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The Dudleys!

The Dudleys! A Family Game
by Leegrid Stevens

The Dudleys! tranlsates the collective imperfect memories of a troubled family into a malfunctioning 8-bit video game.  The play features a live band with original music composed on vintange video game equipment as well as life size 8-bit video footage.  The Dudleys pits the two dimensional side scroller world of games up against the aimlessness of 3D life.

Production History
Dream Up Festival, Theatre for the New City, NYC
Tutto Theatre & the Blue Theatre, Austin TX

Run Time: 110 Minutes

4 Females, 6 Males

You can purchase the script at Indie Theatre Now

Reviews:

The Dudleys! is the latest work of theatre from the formidably imaginative pen and brain of Leegrid Stevens (Sun, Stand Thou StillPost-Oedipus); it’s part of the Dream Up Festival at Theater for the New City and whether you’re interested in the human drama or the intersection of video gaming and theatre, I’d highly recommend that you sample this remarkable show. There are scenes in The Dudleys! that explore the possibilities of synching live action to recorded video and sound in exciting ways I’ve never before come across. And there’s a depth and profundity in Stevens’s examination of a family bound by family ties and little else that I found ineffably moving. – Martin Denton, NYTheatre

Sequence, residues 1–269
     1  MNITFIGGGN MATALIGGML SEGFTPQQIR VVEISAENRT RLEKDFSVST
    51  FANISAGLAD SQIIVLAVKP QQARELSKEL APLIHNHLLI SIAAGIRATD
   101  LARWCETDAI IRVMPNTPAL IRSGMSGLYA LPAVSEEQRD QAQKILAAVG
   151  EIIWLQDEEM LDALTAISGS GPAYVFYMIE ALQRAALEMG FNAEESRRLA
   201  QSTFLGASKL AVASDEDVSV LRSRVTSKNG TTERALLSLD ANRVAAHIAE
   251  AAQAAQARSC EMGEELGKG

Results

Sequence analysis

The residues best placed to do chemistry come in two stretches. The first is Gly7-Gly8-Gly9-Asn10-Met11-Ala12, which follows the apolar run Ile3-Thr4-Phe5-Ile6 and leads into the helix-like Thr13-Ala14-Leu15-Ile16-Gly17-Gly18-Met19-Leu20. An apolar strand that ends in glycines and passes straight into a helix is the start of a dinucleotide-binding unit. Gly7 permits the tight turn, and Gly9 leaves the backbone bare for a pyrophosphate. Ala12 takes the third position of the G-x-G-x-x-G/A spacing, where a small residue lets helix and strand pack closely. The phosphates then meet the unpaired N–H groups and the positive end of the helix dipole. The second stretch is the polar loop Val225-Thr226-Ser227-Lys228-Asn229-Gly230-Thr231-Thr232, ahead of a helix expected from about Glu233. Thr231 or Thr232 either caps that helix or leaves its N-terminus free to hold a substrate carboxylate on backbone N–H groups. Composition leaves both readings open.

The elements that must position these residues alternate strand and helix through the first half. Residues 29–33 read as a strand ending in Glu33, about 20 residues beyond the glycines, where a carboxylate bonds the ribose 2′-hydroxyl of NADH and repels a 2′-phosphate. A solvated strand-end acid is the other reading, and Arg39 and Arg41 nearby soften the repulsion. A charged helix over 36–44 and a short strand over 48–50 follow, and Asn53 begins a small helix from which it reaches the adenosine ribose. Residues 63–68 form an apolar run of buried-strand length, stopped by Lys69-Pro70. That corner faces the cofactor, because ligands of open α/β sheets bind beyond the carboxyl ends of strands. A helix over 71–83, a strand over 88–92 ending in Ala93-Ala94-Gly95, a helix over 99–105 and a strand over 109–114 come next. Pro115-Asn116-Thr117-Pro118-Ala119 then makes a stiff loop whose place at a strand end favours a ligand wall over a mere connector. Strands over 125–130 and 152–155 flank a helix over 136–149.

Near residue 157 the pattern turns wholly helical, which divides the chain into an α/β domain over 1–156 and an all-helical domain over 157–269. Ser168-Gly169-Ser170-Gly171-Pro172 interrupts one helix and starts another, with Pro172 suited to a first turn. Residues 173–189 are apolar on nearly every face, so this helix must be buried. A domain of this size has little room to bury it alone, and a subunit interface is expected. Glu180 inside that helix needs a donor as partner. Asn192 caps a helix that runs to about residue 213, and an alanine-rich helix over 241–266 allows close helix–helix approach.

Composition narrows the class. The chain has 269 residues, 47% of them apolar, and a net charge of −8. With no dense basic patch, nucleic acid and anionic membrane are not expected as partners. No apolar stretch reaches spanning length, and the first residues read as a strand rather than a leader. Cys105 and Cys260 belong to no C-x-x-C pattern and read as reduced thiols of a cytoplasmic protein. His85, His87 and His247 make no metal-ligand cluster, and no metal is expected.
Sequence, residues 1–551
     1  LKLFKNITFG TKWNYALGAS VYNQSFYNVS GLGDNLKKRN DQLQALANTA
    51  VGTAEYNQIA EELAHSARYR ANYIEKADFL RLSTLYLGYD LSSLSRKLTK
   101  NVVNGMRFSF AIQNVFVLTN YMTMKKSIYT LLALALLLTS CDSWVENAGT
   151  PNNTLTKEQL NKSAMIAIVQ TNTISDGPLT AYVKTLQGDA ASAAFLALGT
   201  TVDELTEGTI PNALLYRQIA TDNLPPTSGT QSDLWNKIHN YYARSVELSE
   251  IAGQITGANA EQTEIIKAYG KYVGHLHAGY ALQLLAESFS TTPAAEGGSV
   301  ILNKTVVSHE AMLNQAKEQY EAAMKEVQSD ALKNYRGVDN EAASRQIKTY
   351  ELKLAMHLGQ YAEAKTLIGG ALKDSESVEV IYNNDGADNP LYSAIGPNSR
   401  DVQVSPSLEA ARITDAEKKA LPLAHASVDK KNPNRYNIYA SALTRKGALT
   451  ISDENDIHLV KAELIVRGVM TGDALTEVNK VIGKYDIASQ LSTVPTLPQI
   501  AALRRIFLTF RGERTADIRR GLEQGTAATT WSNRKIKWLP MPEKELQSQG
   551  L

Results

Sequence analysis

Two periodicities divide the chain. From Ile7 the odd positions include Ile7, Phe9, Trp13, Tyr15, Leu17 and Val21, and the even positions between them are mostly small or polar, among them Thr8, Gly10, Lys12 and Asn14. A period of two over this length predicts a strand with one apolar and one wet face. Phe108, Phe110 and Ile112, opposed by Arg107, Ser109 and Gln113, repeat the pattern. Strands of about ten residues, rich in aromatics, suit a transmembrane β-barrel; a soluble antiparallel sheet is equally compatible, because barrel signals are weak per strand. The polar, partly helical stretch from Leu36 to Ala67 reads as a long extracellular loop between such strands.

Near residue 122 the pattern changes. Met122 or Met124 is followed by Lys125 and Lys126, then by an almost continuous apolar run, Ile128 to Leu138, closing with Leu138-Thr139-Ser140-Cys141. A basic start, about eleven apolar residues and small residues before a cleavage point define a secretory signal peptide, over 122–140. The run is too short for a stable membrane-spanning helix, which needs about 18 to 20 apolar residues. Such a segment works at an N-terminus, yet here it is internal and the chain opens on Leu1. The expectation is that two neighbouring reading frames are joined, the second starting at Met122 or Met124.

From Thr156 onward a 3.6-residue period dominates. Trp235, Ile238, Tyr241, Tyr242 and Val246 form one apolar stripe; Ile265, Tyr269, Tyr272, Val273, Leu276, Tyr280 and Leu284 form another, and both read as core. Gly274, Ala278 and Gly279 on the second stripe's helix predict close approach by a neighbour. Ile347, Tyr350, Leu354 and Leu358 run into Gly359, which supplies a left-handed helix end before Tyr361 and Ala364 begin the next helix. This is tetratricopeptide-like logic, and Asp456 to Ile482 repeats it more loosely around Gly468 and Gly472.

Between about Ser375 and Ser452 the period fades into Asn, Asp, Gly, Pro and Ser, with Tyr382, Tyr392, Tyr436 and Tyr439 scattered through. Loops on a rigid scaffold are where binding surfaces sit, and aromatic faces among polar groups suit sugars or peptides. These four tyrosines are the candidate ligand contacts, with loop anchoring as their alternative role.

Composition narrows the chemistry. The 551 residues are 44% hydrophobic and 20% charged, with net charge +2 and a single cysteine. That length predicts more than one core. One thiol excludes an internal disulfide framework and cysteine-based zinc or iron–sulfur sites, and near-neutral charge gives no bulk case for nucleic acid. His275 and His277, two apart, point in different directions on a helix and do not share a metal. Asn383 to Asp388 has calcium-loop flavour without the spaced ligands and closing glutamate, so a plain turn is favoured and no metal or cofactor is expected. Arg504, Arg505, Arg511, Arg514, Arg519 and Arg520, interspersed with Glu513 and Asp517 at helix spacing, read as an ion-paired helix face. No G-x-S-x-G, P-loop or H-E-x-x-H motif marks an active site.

Tutto Theater has a habit of presenting works that defy clasification, and with their latest work The Dudleys, a project of New York’s Leegrid Stevens, who brings the project to Austin for its first full-stage debut, we find ourselves at a similar impasse. Though on the surface, it seems a farce, a family and their neighbors running around in a video game world (complete with 8-bit graphic projected on a screen behind), there are also frequent musical numbers, skewing its clasification even further. The play also covers some emotionally devastating landscape, even amidst all the zombies and Punch Out references. Without the right people in charge, this could be a disaster, but luckily talented director Gary Jaffe stepped up to the plate with gusto, juggling all of these disparate elements with ease and creating a wonderful mash up that shouldn’t work on paper, but which shines in execution. Writer Stevens also should receive credit, for he created a world that is at once hilariously zany and touchingly poignant, all without confusing the audience. – Ryan E. Johnson, Austin Theatre Examiner